Researchers from Lanzhou University have developed a wireless under-skin charger, revolutionising medical implants with its biodegradable and infection-reducing design.
Scientists at Lanzhou University in China have designed a wireless charging unit that can be installed under the skin for powering internal bioelectronic devices. Demonstrating promising results in rodent tests, this technology could revolutionise human medical implants, potentially removing the necessity for cumbersome batteries and complex wiring.
Why is the device needed?
The necessity for wireless charging devices arises from the limitations imposed by the battery capacity of most bioelectronic devices, such as sensors and drug-delivery systems. When these devices are connected to an external power source, there’s a heightened risk of spreading infection. To counter this, scientists have innovated by creating flexible, under-the-skin chips that are biodegradable and capable of conforming to the tissue’s shape during surgical procedures. This advancement is detailed in a research paper published in the journal Science Advances.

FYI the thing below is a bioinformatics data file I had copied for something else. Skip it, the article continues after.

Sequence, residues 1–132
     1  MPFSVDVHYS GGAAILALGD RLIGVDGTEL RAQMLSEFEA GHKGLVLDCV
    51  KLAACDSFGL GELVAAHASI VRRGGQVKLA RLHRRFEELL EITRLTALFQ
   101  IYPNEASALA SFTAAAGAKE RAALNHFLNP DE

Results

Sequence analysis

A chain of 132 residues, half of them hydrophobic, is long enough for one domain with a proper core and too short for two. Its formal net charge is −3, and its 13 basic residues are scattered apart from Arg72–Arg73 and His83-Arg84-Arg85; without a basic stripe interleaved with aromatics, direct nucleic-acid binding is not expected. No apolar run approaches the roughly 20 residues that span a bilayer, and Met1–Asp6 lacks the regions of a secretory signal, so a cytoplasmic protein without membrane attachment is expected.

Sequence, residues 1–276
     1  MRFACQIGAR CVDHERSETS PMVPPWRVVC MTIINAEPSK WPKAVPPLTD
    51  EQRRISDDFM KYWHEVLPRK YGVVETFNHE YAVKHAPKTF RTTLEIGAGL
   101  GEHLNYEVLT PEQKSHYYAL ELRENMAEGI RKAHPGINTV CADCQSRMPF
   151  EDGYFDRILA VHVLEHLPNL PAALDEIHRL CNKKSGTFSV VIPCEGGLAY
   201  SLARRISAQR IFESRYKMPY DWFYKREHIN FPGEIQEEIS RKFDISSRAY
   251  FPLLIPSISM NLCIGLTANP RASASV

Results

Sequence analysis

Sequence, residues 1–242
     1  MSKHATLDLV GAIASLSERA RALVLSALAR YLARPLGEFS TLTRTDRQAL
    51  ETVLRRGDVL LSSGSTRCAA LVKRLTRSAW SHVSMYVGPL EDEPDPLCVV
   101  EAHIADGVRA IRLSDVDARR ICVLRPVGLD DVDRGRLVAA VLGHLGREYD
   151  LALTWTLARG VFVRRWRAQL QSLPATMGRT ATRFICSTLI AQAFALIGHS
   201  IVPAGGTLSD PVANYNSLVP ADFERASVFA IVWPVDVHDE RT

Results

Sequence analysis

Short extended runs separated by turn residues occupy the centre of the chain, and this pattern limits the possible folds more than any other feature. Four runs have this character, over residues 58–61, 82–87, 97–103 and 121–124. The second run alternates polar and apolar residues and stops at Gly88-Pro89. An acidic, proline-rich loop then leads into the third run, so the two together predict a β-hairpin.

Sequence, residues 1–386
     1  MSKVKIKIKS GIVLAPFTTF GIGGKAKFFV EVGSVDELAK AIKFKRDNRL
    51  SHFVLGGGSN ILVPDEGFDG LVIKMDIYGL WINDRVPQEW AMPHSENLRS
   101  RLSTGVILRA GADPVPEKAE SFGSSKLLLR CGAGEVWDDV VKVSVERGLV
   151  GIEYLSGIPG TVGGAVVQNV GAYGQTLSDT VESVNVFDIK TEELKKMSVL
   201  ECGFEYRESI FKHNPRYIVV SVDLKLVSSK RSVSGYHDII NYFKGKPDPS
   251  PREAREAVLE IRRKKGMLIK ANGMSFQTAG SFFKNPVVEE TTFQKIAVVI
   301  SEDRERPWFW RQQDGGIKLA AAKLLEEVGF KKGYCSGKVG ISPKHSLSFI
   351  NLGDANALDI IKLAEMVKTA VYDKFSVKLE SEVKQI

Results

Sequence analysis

How does the wireless device work?
The research team embedded their prototype into a biodegradable, chip-like implant that smoothly combines energy harvesting and storage capabilities. When connected to a medical device, this implant provides a steady power supply by funnelling energy through the circuit into a capacitor. In rat experiments, the wireless implant efficiently operated for up to 10 days and entirely disintegrated within two months, validating its biodegradability. The system’s longevity could be enhanced by strengthening the protective polymer and wax layers that encase it.
Concerns and Limitations
Although the prototype shows promising results, there are hurdles to overcome before human trials. In drug-delivery tests involving rats, those with uncharged implants experienced some unintended passive drug release. Furthermore, the team is still developing a method to switch the device on or off actively; currently, it stops functioning only when its power is completely drained.
Future studies will focus on addressing the device’s size and ensuring its complete biodegradability.